Getting external stakeholders on board with your sustainability journey

You have probably by now engaged your colleagues in developing a sustainability strategy but it is also the perfect opportunity to shift your focus to engage with external stakeholders. 

Firstly think about who your stakeholders are

The Cambridge Dictionary describes stakeholders as a person such as an employee, customer, or citizen who is involved with an organisation, society, etc. and therefore has responsibilities towards it and an interest in its success (2). Stakeholders stretch to include your shareholders, investors, suppliers, customers, the government, not for profit organisations, academic partners and the public, and that isn’t the exhaustive list. 

A sustainability strategy therefore should not only identify and tackle the issues that matter the most to the company, but also those that matter to the stakeholders (1). Key is mapping them, engaging with them and identifying how your relationships can help further your sustainability strategy, which will ultimately help with its implementation. This can often be achieved through a materiality assessment. By talking to internal and external stakeholders you can help identify an organisation’s most “material issues” and determine what should be reported and prioritised (3).

Here’s an example of a materiality matrix from Unilever from 2019/20. This clearly shows the issues that are important to Unilever’s stakeholders and also the impact on the business.

Unilever 2019/20 materiality matrix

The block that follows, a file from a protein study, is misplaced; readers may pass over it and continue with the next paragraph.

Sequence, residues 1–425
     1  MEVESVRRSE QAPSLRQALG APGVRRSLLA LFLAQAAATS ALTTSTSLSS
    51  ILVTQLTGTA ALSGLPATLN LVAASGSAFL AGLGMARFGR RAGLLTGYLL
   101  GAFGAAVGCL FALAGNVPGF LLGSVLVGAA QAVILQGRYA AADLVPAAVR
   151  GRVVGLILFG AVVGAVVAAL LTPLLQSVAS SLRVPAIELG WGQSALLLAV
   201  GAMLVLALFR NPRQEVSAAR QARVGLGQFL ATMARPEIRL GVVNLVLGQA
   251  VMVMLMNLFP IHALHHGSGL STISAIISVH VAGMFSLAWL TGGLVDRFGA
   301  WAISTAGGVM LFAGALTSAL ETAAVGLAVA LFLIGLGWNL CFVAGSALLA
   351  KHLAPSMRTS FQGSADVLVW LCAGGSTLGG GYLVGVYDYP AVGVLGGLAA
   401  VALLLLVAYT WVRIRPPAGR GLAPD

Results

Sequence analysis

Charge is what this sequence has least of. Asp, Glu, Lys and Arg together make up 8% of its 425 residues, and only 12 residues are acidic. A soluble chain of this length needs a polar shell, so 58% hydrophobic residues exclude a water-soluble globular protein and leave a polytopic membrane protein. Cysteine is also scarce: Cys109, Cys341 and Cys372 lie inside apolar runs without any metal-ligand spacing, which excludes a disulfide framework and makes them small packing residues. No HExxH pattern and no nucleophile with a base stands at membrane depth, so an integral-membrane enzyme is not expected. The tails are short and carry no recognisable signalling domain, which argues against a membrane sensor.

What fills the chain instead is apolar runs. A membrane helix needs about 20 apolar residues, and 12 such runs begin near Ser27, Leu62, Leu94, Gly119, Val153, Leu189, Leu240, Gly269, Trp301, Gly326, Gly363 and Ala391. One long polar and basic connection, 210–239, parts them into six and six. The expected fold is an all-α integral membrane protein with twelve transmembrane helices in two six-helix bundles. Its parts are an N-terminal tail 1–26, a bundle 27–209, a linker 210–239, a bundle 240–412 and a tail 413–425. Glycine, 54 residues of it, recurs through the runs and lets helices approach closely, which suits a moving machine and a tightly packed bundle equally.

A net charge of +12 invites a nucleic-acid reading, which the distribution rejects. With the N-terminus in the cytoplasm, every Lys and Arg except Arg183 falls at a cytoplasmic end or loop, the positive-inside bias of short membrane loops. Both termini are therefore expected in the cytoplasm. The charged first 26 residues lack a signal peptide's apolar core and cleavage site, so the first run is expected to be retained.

You can look beyond your business and sector too. There might be other industries that are facing similar sustainability challenges with which you could collaborate and partner. For example, Amazon co-founded The Climate Pledge which is a call to all businesses and organisations to work together to address the climate crisis and the challenges of decarbonising the economy.

Why do you need to engage your stakeholders?

1.     They provide expertise – Listening to them early on and understanding their perspective and particular challenges will make for a more effective and better implemented strategy (4).

2.     They could help reduce or uncover risk – They provide a well-rounded view (4), an outsider’s view, which can provide early warning signals. They can challenge the implementation of the strategy in a way that internal stakeholders can’t (1).

3.     There is an opportunity to identify potential areas for collaboration or innovation.

The task ultimately will be achieving the right balance between the needs of the business and those of the stakeholder in the implementation of your sustainability strategy. However, by engaging with your external stakeholders you will likely increase your chance of success and in the future, they are more likely to be accepting and supportive of your strategy.





Written by Claire Jones and edited by Rania Al-Baroudi Wharton.

Claire Jones
Claire Jones
Claire has always been interested in problem solving and using insight creatively in the storytelling process having spent her career uncovering and delivering strategic insight that makes a difference to brands, governments and not-for-profit organisations. She is currently Head of Insight at London & Partners, the business growth and destination agency for London, a social enterprise whose mission is to create economic growth that is resilient, sustainable and inclusive. She is passionate about sustainability and recently completed a Business Sustainability Management course at Cambridge Institute for Sustainable Leadership. She is enjoying applying these learnings in her day job with London businesses and tourism partners and is keen to share them more widely with the SMEs community. Claire is also a member of the Association of Sustainability Practitioners whose purpose is to promote learning that transforms behaviour from unsustainable to sustainable practices.

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